Of the 166 ''words'' in Isaiah 53, there are only seventeen ''letters'' in question. Ten of these letters are simply a matter of spelling, which does not affect the sense. Four more letters are minor stylistic changes, such as conjunctions. The remaining three letters comprise the word "light," which is added in verse 11, and does not affect the meaning greatly.
It is important to note that differences were found among fragments of texts. According to ''The Oxford Companion to Archaeology'':


Biblical books found

There are 225 biblical texts included in the Dead Sea Scroll documents, or around 22% of the total, and with deuterocanonical books the number increases to 235. The Dead Sea Scrolls contain parts of all but one of the books of the Tanakh of the Hebrew Bible and the Old Testament Protocanonical books, protocanon. They also include four of the deuterocanonical books included in Catholic Bible, Catholic and Eastern / Greek Orthodox Bible, Eastern Orthodox Bibles: Book of Tobit, Tobit, Book of Sirach, Sirach, Baruch 6 (also known as the Letter or Epistle of Jeremiah), and Psalm 151. The Book of Esther has not yet been found and scholars believe Esther is missing because, as a Jew, her marriage to a Achaemenid Empire, Persian king may have been looked down upon by the inhabitants of Qumran, or because the book has the Purim festival which is not included in the Hebrew calendar#The Qumran calendar, Qumran calendar. Listed below are the most represented books, along with the deuterocanonicals, of the Bible found among the Dead Sea Scrolls, including the number of translatable Dead Sea texts that represent a copy of scripture from each biblical book:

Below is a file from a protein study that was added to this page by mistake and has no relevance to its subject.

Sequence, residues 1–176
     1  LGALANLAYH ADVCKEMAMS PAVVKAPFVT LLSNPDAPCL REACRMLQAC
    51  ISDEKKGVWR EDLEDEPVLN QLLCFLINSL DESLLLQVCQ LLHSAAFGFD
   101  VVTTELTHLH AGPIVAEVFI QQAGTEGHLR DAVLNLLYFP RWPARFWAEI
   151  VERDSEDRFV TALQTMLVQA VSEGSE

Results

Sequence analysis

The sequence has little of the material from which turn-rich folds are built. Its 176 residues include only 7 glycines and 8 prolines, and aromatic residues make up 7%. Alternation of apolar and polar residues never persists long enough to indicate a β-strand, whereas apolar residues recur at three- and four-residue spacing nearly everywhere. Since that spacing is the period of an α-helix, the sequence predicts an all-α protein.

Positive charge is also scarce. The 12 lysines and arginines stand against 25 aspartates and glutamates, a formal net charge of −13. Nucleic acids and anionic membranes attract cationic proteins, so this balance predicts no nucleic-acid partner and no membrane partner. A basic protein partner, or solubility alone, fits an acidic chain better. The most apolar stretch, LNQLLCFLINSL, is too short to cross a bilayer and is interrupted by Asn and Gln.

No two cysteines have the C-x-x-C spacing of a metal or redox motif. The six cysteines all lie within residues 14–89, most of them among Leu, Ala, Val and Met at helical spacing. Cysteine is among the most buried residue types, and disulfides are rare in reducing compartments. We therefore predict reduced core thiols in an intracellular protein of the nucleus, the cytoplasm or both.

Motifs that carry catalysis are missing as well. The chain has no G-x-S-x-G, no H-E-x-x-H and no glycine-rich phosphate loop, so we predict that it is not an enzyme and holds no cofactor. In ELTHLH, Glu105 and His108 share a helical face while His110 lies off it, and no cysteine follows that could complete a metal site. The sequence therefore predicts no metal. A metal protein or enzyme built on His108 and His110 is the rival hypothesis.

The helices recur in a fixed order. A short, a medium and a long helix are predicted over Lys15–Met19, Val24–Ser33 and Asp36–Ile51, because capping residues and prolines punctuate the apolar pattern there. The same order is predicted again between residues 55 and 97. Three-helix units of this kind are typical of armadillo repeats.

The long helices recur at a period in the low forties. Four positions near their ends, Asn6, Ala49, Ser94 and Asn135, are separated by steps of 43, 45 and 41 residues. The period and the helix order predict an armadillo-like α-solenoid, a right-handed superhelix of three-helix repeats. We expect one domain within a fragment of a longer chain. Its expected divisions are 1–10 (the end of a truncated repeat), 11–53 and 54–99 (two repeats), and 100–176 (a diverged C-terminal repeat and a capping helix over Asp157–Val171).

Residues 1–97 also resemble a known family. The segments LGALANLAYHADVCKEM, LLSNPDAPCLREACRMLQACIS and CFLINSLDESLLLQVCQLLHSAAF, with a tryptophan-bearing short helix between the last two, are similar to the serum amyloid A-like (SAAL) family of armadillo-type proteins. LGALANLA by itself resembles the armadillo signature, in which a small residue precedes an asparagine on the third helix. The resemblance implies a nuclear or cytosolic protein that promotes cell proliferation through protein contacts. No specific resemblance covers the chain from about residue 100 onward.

Non-biblical books

The majority of the texts found among the Dead Sea Scrolls are non-biblical in nature and were thought to be insignificant for understanding the composition or canonization of the biblical books, but a different consensus has emerged which sees many of these works as being collected by the Essene community instead of being composed by them. Scholars now recognize that some of these works were composed earlier than the Essene period, when some of the biblical books were still being written or redacted into their final form.


Museum exhibitions and displays